Militant commanders in Pakistan ban polio vaccine

Militant leaders in two districts of Pakistan's Federally Administered Tribal Areas recently declared that polio vaccination teams would not be allowed to conduct a three day campaign in those areas, leaving approximately 250,000 children without protection from the crippling disease.

The ban on polio vaccinations will do more than leave the very young vulnerable. Because each child under the age of five requires three doses of the vaccine to ensure immunity, it will negate the effects of previous campaigns, a prospect that could further threaten efforts to eradicate the disease.

The militant commanders, based in North and South Waziristan, said that they believed the program was a ruse orchestrated by the United States and its allies to aid in infiltrating the region, according to Time.

"In the garb of these vaccination campaigns, the U.S. and its allies are running their spying networks in FATA, which has brought death and destruction on them in the form of drone strikes," Mullah Nuzir, a militant commander in South Waziristan wrote, Time reports.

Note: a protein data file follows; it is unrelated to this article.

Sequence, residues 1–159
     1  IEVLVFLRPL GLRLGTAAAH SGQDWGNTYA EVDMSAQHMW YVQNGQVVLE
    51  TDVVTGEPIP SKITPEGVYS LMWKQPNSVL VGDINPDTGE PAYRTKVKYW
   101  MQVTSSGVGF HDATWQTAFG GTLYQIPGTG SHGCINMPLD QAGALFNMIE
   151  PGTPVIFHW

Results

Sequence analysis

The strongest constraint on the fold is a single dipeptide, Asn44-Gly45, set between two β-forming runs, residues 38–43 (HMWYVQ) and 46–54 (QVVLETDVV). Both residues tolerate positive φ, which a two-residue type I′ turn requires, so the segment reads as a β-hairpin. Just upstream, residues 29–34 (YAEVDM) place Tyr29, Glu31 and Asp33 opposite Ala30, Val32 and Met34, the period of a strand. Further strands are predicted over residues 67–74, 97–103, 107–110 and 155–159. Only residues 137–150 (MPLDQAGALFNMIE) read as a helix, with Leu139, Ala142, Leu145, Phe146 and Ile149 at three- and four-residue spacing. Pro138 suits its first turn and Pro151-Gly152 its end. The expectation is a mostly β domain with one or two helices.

Hafiz Gul Bahadur, a commander in North Waziristan, said he would continue to enforce the ban until the United States ended drone strikes.

"We don't want benefits from well-wishers who spend billions to save children from polio, which can affect one or two out of hundreds of thousands, while on the other hand the same well-wisher (America) with the help of its slave (Pakistan's government) kills hundreds of innocent tribesmen including old women and children by unleashing numerous drone attacks," Bahadur wrote, Time reports.